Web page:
In contemplation of the 50th anniversary the Fay class of 1968, I have spent many moments reflecting on my experiences at Fay. I can still recall vividly the memories of those times – the friends, the challenges, and the special events of school life.
One very special event which I am able to share with you is the 1968 production of a Gilbert and Sullivan operetta. These mini-musicals were put on once every year and were masterfully directed by Seaver Gilcreast Sr., with Mr. Renfro providing musical accompaniment on the piano. With a wide range of student ages, some whose voices had changed and others whose had not, the then all-boys Fay was able to fill all the roles, male and female, for a Gilbert & Sullivan operetta.
I had been a fan of G&S even before I arrived at Fay, and never missed a chance to be in the cast. My senior year in 1968, I made up my mind to try out for a solo part and was able to make the cut as the Sergeant of Police. Rehearsals began in the dead of winter, leading up to a final dress rehearsal followed by a full production on Winter Weekend, attended by parents and relatives.
We rehearsed often, and I can't imagine the patience that Mr. Gilcreast and Mr. Renfro must have had with a bunch of boys, many of whom took advantage of this break from the normal routine for some 'recreational misbehavior'. But over the weeks, we learned the songs and the words, as well as the choreography for our syncopated movements on the stage. Mr. Gilcreast directed from the gym floor, and Mr. Renfro would tirelessly repeat selections over and over on the piano until we got it right. Besides simply being able to sit down and play the entire production through without missing a single note, Mr. Renfro had the uncanny ability to help less confident singers through their selections, by varying the tempo just enough to encourage them to sing out proudly. Most of all, they had a wonderful sense of humor!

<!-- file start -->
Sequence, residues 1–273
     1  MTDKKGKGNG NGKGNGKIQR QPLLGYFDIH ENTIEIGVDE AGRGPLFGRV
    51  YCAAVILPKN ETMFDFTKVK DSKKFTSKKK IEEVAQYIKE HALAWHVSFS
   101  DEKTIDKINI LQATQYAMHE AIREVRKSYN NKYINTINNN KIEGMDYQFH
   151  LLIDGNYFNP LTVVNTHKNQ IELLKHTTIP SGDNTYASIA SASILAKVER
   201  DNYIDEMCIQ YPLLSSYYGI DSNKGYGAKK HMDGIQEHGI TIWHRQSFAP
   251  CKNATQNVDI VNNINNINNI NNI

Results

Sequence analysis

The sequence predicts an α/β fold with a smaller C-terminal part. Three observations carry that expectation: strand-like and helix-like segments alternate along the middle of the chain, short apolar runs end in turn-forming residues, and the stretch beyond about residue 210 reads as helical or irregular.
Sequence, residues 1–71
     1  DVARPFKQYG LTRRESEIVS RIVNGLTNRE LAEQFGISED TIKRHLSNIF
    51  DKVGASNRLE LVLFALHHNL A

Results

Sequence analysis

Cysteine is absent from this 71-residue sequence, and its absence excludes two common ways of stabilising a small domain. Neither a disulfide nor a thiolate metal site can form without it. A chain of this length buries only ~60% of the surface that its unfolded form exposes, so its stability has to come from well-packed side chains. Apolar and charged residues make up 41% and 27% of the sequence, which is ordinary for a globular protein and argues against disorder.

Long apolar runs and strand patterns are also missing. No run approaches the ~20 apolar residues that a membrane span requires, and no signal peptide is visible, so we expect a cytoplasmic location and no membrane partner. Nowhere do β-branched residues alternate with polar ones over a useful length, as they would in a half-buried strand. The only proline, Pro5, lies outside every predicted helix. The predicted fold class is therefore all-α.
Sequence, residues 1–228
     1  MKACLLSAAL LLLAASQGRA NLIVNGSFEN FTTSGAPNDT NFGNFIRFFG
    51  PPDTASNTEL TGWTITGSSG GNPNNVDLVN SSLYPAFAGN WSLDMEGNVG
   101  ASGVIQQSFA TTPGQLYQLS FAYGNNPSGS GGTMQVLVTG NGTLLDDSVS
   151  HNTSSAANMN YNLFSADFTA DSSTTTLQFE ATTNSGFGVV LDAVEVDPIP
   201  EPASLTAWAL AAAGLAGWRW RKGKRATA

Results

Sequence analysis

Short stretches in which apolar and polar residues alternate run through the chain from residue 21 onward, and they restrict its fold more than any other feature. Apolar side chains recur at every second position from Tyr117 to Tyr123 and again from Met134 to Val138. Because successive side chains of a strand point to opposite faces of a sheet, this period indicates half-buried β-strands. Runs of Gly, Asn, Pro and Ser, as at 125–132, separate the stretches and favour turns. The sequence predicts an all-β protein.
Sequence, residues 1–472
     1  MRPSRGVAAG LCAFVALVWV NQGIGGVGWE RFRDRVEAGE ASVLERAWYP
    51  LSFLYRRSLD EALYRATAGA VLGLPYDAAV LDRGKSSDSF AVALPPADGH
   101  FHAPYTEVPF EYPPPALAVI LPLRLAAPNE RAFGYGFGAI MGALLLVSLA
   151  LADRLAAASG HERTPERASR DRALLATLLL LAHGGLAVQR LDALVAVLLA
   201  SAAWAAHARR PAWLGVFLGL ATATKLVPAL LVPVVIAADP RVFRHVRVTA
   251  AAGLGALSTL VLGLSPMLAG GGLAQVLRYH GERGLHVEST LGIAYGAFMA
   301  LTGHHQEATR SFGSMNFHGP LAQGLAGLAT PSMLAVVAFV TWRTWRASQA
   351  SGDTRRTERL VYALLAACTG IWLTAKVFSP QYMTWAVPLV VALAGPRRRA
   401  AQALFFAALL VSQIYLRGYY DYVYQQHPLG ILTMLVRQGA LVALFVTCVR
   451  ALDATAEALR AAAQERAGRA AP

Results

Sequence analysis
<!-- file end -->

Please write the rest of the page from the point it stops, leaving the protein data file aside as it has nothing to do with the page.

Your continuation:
Ours was not an 'official' Gilbert & Sullivan, by any means. I'm sure it was somewhat condensed for the abilities of the cast and mercy towards the audience. As well as being shortened, words were changed here and there for comedic contributions. Many times, a solo cast member would fluff the lyrics of a song in rehearsal, and the results were so funny that Mr. Gilcreast would make them a permanent part of the production!
Well, after what seemed like months of endless rehearsals, the big night of full dress rehearsal finally arrived. Military uniforms, pirate garb, and dresses were put on. Makeup was applied, along with false mustaches adhered with tincture of benzoin. It seemed like a good idea that fellow student (I think it was Barry Carman ‘68) record the entire run-through with his cassette tape recorder (which was the size of a shoe-box, but the height of technology at the time). After the production, I listened to the tape and was amazed at how well it had captured our voices. As I listened, I had an interesting idea. At the time, my father owned a small record company, which recorded and produced classical records (on black vinyl discs – maybe you remember those?) We set up the cassette recorder again for the actual production, and with that, we had two full takes, which was enough to edit together one clean run through, editing out the missed cues and busted lines. To make the long story short, my father graciously agreed to finance a limited run of records, which were distributed to the student body.
After my father passed away a few years ago, in his house I found a pristine copy of that record. Through the miracles of modern technology, I have converted the record into two music files, which I include here for your enjoyment.
It certainly was a shock, to hear these voices again (including my own) after 50 years. I'm amazed at the quality of the singing and the production, given that Mr. Gilcreast had nothing older than sixth graders to work with. I hope my classmates from the class of '68 (as well as later classes that were involved in this production as well) enjoy hearing these 'Fay voices from the past'.
Listen carefully as Major General Stanley (Stephen Bushart ‘68) rewrites the entire G&S final verse in the memorable song "I am the very model of a modern Major-General"; reflecting on contemporary Fay school life, and ending with '...for I am the very model of a psychedelic general and I can't see why the masters don't all go to pot and let me run it all!”